Don’t Throw Away This Envelope That Looks Like Junk Mail
If you’re still waiting on your economic stimulus payment from the $900 billion stimulus package passed in late December, review your mail carefully before tossing anything that looks like it could be junk. Many people will receive their stimulus money on a debit card mailed in a white envelope declaring, “Important information about your Economic Impact Payment.”
Like most people, you probably believe that “important information” from addresses you don’t recognize is usually anything but important. In this case, however, it could be a debit card from the IRS preloaded with $600 for an individual, plus up to $600 per person for anyone else in your family.
Other reports say the envelope may read: “Money Network Cardholder Services.” In essence, if you’re still waiting for your stimulus money, open every piece of mail just in case. And if you open the envelope to find a blue card with silver stars and the Visa Debit logo on it, don’t throw the card away. It is most likely not a scam.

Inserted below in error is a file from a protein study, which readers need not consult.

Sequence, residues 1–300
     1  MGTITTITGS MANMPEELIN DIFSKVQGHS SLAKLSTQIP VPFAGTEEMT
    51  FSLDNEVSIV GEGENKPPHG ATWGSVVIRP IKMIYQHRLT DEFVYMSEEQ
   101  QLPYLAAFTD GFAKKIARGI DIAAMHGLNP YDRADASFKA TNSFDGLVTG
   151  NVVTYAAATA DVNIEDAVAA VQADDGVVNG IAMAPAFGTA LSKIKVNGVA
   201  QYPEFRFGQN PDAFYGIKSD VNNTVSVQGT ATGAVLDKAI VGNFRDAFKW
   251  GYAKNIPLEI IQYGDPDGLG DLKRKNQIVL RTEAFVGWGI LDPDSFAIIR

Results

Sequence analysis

Daniel Brazill, a 63-year-old Detroit man, almost did exactly that. He had received his first stimulus payment via check and didn’t understand why the IRS would send him a debit card this time, he told the Detroit Free Press. He’d been scammed before and was on the alert.
Nevertheless, he called the 800 number on the back and entered the 16-digit card number as requested. But when they asked for the last six digits of his Social Security number, he hung up the phone to investigate further.
Stimulus payment scams are out there, and it’s worth keeping a cautious eye so as not to be taken. For instance, some people have reported receiving text messages requesting bank account information for direct deposit of your stimulus money. The IRS will never text, call or email asking for bank information or payments.
But if you receive a blue Visa debit card with silver stars in the mail, it is your stimulus payment. You will need to activate the card by providing your name, address and Social Security number. Then you’ll create a four-digit PIN to withdraw cash from an ATM or use the card in stores.
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